Monday, November 4, 2013

Rob Ford's Permanant Campaign

A break from his legal troubles to talk about the fact that Rob Ford basically campaigns for his re-election all the time.

Officially, that's not allowed, the election period starts January 2014, but think about:
  • Weekly no holds barred highly political and opinionated radio program for Rob & Doug
  • Handing out Fridge magnets everywhere (including funerals..)
  • 2 "Ford Fest" campaign rallies this year, held in large parks with free food & drink (advertised by robocalls all over the city, I was called and I have never contacted the Mayor)
  • Spending an inordinate amount of time taking constituent calls & visiting voters to address problems
The last is probably worth a few words because it's the most effective form of continuous campaigning Ford does and the secret to his success. It is true that all local policians should do a certain amount of direct constituent interaction, to keep an "ear to the ground" and stay in touch with actual voter concerns unfiltered by staff or consultants.  However everything we can discern from Ford is that he goes well beyond any reasonable amount of time spent on this.  According to this count from mid 2012, constituent meetings were one-third of his agenda.  He proudly brags that he returns every call, and gives out his personal numbers all the time.  He's known to show up and get that pothole filled or that leaky hydrant tightened or whatever small bore constituent concern he can address.

This is all textbook retail politics. Toronto is a big city, 2.5M people is a lot, but spend 10-20 hours a week (guessing here) on this for four years, and you can visit and interact with several thousand voters, all over the city.  Each will tell the story of the Mayor personally attending to their problem to 5 or 10 people, and suddenly you may be talking about 25-50,000 voters positively moved.  Think, a first person account from a friend will weigh more heavily than any newscast or TV ad.  Ford won in 2010 with 380,000 votes, so yes, this matters a great deal.

Why is this a problem?  In general, the campaign period restrictions provide some level of fairness against the natural advantages incumbent candidates have for precisely these sorts of reasons.  Even if it was legal, almost no opponent is going to campaign for four years, most can't afford it, and it's an absurd investment in time when the chances are the incumbent will be sailing to re-election anway when you get to election year.

So in general you are campaigning with no real opponents - sure, some critics on council, but they are not given the same weight in media time as the Mayor.

In addition to fairness, making re-election too easy for incumbents has obvious negative democratic ramifications for the system.  Quality challengers are not going to jump in when the Incumbent looks unbeatable.  Mel Lastman may have been popular in 2000, but to tune of 80% of the vote?  The lack of a serious challenger did Toronto no favours that year.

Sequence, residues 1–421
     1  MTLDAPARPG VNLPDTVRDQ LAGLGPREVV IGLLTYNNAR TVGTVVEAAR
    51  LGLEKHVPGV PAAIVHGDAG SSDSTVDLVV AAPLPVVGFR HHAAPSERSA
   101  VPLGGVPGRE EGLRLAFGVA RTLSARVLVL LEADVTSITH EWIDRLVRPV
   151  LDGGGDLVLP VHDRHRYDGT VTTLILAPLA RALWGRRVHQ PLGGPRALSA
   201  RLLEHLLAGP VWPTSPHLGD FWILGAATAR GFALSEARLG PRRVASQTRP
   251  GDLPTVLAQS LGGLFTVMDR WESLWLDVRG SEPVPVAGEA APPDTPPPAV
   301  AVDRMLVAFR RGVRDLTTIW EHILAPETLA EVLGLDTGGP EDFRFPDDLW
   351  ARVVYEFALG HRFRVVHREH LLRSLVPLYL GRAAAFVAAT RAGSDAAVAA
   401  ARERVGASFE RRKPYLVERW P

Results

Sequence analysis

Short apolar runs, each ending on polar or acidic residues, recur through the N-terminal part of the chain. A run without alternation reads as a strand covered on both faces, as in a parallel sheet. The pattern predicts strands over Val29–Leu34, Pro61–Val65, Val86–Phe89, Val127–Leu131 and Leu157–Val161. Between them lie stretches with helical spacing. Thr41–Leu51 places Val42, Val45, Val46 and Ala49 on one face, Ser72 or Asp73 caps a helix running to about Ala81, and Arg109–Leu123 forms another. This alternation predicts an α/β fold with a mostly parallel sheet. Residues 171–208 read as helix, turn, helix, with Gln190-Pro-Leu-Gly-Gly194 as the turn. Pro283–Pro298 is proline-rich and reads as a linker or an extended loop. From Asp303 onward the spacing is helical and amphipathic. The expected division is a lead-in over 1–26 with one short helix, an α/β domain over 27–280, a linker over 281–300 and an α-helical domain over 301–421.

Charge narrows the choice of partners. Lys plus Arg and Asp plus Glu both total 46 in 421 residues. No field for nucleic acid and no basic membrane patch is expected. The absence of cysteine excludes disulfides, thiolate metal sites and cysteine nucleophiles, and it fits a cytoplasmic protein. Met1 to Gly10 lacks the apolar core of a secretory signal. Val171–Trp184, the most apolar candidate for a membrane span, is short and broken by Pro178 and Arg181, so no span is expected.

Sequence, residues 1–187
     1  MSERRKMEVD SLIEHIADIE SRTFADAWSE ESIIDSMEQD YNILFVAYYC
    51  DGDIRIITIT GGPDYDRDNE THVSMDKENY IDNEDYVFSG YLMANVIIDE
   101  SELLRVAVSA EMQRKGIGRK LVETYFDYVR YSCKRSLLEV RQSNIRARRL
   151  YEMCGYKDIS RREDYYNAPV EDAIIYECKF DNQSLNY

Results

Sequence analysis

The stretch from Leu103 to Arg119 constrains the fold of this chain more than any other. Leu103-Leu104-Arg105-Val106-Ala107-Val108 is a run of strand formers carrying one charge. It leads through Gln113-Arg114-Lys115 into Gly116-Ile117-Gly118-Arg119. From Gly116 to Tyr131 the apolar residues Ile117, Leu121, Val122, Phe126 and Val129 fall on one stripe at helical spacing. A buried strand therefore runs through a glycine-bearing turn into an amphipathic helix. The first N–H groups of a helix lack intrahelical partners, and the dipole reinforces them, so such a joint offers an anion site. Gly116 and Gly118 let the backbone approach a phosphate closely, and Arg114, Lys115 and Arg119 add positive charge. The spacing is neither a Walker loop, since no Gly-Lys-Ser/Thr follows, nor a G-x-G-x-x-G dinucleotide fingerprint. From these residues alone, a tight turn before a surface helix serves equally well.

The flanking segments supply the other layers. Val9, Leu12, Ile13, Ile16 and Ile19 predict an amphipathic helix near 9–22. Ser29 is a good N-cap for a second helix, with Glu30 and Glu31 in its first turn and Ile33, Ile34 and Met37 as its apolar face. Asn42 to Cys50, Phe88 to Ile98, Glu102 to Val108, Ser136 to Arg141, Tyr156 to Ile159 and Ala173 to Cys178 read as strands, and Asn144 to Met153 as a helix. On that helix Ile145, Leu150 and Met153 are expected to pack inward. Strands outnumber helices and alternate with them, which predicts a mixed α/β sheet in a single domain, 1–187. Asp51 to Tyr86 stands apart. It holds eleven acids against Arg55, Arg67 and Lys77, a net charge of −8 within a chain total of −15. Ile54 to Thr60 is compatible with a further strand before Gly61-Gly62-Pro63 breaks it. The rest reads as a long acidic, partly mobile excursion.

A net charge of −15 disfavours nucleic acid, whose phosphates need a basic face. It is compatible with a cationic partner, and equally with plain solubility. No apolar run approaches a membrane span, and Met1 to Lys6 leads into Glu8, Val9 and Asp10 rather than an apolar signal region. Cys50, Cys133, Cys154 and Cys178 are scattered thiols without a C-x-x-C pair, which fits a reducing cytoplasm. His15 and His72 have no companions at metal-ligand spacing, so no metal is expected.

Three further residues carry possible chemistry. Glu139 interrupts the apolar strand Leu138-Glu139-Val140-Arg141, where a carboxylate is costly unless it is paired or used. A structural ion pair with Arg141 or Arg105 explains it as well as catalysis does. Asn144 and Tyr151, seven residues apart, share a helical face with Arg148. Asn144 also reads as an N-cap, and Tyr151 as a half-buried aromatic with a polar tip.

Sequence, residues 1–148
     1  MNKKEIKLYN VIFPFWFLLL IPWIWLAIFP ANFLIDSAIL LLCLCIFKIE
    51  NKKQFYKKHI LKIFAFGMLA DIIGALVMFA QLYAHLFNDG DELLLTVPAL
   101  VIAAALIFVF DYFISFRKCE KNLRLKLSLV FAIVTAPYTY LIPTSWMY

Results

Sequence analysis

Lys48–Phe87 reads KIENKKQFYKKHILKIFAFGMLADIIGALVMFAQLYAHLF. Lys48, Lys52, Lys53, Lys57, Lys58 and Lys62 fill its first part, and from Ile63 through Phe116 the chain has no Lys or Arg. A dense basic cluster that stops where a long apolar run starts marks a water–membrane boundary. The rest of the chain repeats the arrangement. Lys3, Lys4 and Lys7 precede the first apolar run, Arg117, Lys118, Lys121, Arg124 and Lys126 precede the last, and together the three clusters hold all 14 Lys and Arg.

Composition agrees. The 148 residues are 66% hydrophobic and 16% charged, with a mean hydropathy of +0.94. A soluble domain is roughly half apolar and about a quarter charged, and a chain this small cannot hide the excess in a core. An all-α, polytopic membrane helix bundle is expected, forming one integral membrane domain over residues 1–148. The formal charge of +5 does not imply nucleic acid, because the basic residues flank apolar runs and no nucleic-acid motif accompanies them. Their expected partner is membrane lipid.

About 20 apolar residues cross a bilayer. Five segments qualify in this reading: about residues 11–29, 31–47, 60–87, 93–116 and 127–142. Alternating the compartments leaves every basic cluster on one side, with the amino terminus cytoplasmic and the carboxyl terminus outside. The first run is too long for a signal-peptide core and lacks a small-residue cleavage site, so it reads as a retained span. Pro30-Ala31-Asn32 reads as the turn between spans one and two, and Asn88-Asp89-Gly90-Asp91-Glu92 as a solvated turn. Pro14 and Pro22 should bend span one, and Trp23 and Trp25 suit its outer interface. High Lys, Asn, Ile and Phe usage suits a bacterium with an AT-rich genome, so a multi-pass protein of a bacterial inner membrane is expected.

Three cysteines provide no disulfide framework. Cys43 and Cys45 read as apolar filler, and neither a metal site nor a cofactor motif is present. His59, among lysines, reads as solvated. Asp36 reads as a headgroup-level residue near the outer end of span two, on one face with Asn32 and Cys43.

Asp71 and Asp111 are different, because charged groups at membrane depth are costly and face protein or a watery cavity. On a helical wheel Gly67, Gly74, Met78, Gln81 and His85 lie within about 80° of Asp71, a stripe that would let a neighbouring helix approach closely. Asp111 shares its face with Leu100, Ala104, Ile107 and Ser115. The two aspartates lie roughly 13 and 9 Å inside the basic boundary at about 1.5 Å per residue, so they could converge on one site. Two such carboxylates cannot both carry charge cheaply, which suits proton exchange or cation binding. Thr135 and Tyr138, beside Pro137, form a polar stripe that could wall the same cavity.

What to do about this?  The first and third items are clear violations which should have legal enforcement in some form.  The second is kind of trivial, not really worth a big fuss.  The last I am not prepared to propose any kind of formal ban, but I think we should observe it and understand why Ford is so relentless about serving voters one at a time.  This is obviously not an effective way to really solve the problems of the city, and I'd argue Ford's emphasis on it is counterproductive. Think about the city crews that have to be diverted from scheduled, planned work to address spot problems the Mayor wants fixed right away.  The crew fixing a pothole could be systemically moving through a whole neighbourhood fixing every pothole, but get stopped to drive across town to wherever Ford is to fix just one pothole.

If Ford used these experiences to highlight ill functioning city services at Council and allocate more resources or identify actual inefficiencies in their delivery, that would actually be helpful.  Maybe the pothole teams aren't working smartly and could be better organized.  Maybe there's just not enough of them.  Who knows? Ford doesn't bring these experiences back to City Hall to get them on Council's agenda.  He's just out to win voters one at a time. That his efforts might make potholes and worn out street sign problems more serious is no concern of his.

Yes, I'm sure the individual voters he helps are sincerely grateful, and perhaps had a hard time getting help through normal city channels like 311 (something Ford, by the way, made a point of voting against improving in committee).  But Ford's job is not to pick a couple thousand lucky voters to help while millions might suffer a problem, the Mayor needs to be looking at the big picture more of the time.  A CEO who spent 33% of their time taking customer calls or working the factory floor making product would most likely be less effective for their company than one who put more emphasis on turning those sample experiences into systemic fixes that make the whole organization stronger, rather than fixing a few symptoms.

Some of Ford's illegal campaigning should be addressed through enforcement, as a vital service to municipal democracy.  The endless voter visits is in the realm of politics.  We should judge his governing choices and recognize that what seems like acts of civic service are, when taken too far, really just self serving.

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